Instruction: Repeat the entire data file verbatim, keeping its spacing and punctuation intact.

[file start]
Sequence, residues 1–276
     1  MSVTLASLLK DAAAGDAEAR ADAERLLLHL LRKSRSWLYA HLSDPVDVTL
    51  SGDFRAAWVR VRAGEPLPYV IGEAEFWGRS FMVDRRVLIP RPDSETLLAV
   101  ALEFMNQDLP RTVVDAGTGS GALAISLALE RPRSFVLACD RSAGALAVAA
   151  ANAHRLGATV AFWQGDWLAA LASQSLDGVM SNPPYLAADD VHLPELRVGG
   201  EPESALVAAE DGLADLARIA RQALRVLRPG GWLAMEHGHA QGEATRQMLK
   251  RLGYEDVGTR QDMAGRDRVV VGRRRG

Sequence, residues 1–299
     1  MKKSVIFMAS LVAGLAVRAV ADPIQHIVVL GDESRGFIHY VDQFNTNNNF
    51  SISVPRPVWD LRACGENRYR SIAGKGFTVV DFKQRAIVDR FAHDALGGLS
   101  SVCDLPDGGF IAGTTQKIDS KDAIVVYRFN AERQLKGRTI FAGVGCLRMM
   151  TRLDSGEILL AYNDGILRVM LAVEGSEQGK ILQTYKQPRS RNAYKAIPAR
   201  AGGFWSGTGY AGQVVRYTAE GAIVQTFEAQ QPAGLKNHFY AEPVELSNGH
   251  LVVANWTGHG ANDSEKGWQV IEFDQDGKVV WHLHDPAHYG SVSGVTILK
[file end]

Sequence, residues 1–276
     1  MSVTLASLLK DAAAGDAEAR ADAERLLLHL LRKSRSWLYA HLSDPVDVTL
    51  SGDFRAAWVR VRAGEPLPYV IGEAEFWGRS FMVDRRVLIP RPDSETLLAV
   101  ALEFMNQDLP RTVVDAGTGS GALAISLALE RPRSFVLACD RSAGALAVAA
   151  ANAHRLGATV AFWQGDWLAA LASQSLDGVM SNPPYLAADD VHLPELRVGG
   201  EPESALVAAE DGLADLARIA RQALRVLRPG GWLAMEHGHA QGEATRQMLK
   251  RLGYEDVGTR QDMAGRDRVV VGRRRG

Sequence, residues 1–299
     1  MKKSVIFMAS LVAGLAVRAV ADPIQHIVVL GDESRGFIHY VDQFNTNNNF
    51  SISVPRPVWD LRACGENRYR SIAGKGFTVV DFKQRAIVDR FAHDALGGLS
   101  SVCDLPDGGF IAGTTQKIDS KDAIVVYRFN AERQLKGRTI FAGVGCLRMM
   151  TRLDSGEILL AYNDGILRVM LAVEGSEQGK ILQTYKQPRS RNAYKAIPAR
   201  AGGFWSGTGY AGQVVRYTAE GAIVQTFEAQ QPAGLKNHFY AEPVELSNGH
   251  LVVANWTGHG ANDSEKGWQV IEFDQDGKVV WHLHDPAHYG SVSGVTILK